for (someone or something)

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for (someone or something)

Supporting or approving of someone or something. Can you believe he's for building that new shopping center right in the middle of town?
See also: for

for one

As one example or reason (out of several potential ones). Often used after a name or personal pronoun to count someone or oneself as an example of something. Why don't I like musicals? Well, for one, I just can't take a story seriously when it's set to music. I can tell you that I for one am really happy about the changes to the tax law they've introduced. A: "Who is coming to the movie later?" B: "Mary, for one, but I haven't heard back from anyone else."
See also: for, one
Farlex Dictionary of Idioms. © 2015 Farlex, Inc, all rights reserved.

(all) for someone or something

Fig. (completely) in favor of someone or something; supporting someone or something. I'm all for your candidacy. I'm for the incumbent in the upcoming election.

for

(some) days running and for (some) weeks running; for (some) months running; for (some) years running days in a series; months in a series; etc. (The some can be any number.) I had a bad cold for five days running. For two years running, I brought work home from the office every night.

for

(some) years running Go to for (some) days running.
McGraw-Hill Dictionary of American Idioms and Phrasal Verbs. © 2002 by The McGraw-Hill Companies, Inc.

for one

Also, for one thing. As the first of several possible instances. For example, Everything seemed to go wrong; for one, we had a flat tire, and then we lost the keys, or I find many aspects of your proposal to be inadequate; for one thing, you don't specify where you'll get the money . For one can also be applied to a person, as in He doesn't like their behavior, and I for one agree with him.
See also: for, one
The American Heritage® Dictionary of Idioms by Christine Ammer. Copyright © 2003, 1997 by The Christine Ammer 1992 Trust. Published by Houghton Mifflin Harcourt Publishing Company. All rights reserved.

for

/in fun
As a joke; playfully.

for

/to all intents and purposes
In every practical sense; practically: To all intents and purposes the case is closed.
American Heritage® Dictionary of the English Language, Fifth Edition. Copyright © 2016 by Houghton Mifflin Harcourt Publishing Company. Published by Houghton Mifflin Harcourt Publishing Company. All rights reserved.
See also:
References in classic literature ?
Every one was headed for us. The dugouts, which were of unusual length, were manned by twenty paddlers, ten to a side.
The lovely Zoraida was watching for us at a window, and as soon as she perceived that there were people there, she asked in a low voice if we were "Nizarani," as much as to say or ask if we were Christians.
But it was now most essential for us to be on the move, and carefully and quickly we regained the vessel, where those who had remained on board were waiting for us in apprehension of some mishap having befallen us.
At last we reached a large and handsome building of bamboos, and were by signs told to enter it, the natives opening a lane for us through which to pass; on entering without ceremony, we threw our exhausted frames upon the mats that covered the floor.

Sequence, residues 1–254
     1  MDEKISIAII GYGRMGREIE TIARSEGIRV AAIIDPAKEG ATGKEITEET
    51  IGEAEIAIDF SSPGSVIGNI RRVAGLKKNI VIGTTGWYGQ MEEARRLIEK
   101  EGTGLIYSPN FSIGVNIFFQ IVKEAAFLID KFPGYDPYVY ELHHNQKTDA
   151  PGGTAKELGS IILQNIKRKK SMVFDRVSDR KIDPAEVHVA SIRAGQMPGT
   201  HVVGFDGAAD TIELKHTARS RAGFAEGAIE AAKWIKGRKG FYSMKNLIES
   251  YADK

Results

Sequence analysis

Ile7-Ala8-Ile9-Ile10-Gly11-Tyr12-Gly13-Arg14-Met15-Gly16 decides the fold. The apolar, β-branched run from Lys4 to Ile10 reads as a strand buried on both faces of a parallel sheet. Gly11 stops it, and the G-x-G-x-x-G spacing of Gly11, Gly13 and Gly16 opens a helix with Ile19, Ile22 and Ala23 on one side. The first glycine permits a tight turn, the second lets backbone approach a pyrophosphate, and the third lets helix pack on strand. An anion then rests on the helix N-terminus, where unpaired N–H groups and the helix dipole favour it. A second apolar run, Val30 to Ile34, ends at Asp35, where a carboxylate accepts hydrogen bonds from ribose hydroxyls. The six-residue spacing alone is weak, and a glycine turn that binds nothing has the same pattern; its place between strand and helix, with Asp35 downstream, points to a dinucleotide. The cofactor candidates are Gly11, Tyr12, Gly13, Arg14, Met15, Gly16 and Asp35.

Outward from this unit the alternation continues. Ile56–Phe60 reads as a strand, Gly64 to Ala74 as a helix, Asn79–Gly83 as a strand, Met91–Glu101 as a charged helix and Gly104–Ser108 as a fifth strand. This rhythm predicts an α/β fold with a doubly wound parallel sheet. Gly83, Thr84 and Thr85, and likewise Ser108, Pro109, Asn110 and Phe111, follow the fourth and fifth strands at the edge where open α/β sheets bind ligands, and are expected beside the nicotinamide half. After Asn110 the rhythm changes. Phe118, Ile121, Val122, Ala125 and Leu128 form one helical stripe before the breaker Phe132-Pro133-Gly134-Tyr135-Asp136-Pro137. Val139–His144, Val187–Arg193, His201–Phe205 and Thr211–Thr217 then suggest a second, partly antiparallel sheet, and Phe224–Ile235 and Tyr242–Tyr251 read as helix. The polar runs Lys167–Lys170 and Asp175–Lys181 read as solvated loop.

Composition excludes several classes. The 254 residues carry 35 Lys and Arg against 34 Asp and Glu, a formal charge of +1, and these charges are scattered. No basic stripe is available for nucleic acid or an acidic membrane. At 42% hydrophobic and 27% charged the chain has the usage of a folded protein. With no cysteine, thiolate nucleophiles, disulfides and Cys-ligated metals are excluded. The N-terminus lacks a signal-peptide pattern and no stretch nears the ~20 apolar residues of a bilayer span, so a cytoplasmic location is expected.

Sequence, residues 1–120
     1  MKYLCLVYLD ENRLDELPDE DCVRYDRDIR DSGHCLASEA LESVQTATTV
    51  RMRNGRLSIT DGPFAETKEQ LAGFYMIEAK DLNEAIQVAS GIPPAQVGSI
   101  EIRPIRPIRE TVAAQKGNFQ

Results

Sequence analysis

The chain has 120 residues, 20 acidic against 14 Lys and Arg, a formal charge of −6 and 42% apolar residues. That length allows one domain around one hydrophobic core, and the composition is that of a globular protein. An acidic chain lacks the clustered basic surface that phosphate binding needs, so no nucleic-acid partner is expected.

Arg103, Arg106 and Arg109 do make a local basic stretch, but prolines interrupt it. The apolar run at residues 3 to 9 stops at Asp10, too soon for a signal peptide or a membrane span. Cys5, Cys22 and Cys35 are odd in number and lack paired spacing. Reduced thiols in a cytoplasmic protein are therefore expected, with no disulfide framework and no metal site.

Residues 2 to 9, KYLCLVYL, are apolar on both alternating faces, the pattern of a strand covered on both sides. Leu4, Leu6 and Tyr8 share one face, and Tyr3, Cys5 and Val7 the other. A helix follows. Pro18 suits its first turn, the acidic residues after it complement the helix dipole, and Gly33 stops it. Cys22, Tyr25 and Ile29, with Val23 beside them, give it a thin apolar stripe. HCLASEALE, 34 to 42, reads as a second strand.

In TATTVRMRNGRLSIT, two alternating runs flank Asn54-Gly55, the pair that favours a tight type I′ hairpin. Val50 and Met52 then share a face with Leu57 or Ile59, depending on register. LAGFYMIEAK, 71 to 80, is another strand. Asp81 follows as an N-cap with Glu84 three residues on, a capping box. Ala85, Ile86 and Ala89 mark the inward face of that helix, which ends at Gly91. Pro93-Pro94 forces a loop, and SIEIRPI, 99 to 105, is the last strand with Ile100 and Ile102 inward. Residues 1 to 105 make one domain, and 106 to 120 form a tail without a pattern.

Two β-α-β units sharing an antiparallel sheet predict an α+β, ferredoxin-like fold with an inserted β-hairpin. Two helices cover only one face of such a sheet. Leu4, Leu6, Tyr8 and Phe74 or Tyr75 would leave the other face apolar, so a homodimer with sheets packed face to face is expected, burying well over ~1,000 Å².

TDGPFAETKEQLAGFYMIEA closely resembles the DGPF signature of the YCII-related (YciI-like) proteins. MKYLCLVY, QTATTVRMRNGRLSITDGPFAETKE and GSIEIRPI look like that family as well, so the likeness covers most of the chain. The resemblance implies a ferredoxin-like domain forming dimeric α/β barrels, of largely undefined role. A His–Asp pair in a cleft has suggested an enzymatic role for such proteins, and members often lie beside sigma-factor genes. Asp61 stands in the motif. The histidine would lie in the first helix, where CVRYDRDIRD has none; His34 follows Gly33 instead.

What had brought us thither must have appeared a complete mystery to them, and from our ignorance of the language it was impossible for us to enlighten them.
As for us, when he was gone we made haste to leave the fatal castle, and, stationing ourselves beside our rafts, we waited to see what would happen.
"He says it will be better for us to go back where we left our things and camp there.
We stayed, however, in this place from the latter end of July to the beginning of September, when having provided ourselves with other vessels, we set out for Cochim, and landed there after a very hazardous and difficult passage, made so partly by the currents and storms which separated us from each other, and partly by continual apprehensions of the English and Dutch, who were cruising for us in the Indian seas.
As for us, who were to go by Zeila, we had still greater difficulties to struggle with: we were entirely strangers to the ways we were to take, to the manners, and even to the names of the nations through which we were to pass.
At the first floor we found that the hallway ran but halfway through, necessitating the crossing of a rear room full of green folk, ere we could reach the inner courtyard, so there was but one thing left for us to do, and that was to gain the second floor and the hallway through which I had traversed the length of the building.
Just before dark they had been close enough for us to plainly distinguish that they were green Martians, and all during the long night we distinctly heard the clanking of their accoutrements behind us.
Then I asked the captain what way he thought best for us to manage a fight with them; for resist them I was resolved we would, and that to the last drop.
This latter part we found to concern us directly, though we knew it to be false; yet, as my partner said, very justly, if we had fallen into their hands, and they had had such a prepossession against us beforehand, it had been in vain for us to have defended ourselves, or to hope for any good quarter at their hands; especially considering that our accusers had been our judges, and that we could have expected nothing from them but what rage would have dictated, and an ungoverned passion have executed.
Lord John held up his hand as a signal for us to stop, and he made his way swiftly, stooping and running, to the line of rocks.
It was water, or a good imitation of it, and that was enough for us. We gave a bound and a rush, and in another second we were all down on our stomachs sucking up the uninviting fluid as though it were nectar fit for the gods.